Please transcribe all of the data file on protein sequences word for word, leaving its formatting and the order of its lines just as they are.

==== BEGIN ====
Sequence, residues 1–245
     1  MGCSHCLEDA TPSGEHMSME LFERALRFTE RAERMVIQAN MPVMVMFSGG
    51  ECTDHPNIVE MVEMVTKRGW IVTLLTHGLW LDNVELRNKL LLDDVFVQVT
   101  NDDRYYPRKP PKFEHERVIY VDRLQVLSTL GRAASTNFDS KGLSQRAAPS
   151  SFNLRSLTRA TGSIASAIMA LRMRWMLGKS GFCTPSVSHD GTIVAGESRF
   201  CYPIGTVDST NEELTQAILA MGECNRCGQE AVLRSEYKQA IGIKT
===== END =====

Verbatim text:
Sequence, residues 1–245
     1  MGCSHCLEDA TPSGEHMSME LFERALRFTE RAERMVIQAN MPVMVMFSGG
    51  ECTDHPNIVE MVEMVTKRGW IVTLLTHGLW LDNVELRNKL LLDDVFVQVT
   101  NDDRYYPRKP PKFEHERVIY VDRLQVLSTL GRAASTNFDS KGLSQRAAPS
   151  SFNLRSLTRA TGSIASAIMA LRMRWMLGKS GFCTPSVSHD GTIVAGESRF
   201  CYPIGTVDST NEELTQAILA MGECNRCGQE AVLRSEYKQA IGIKT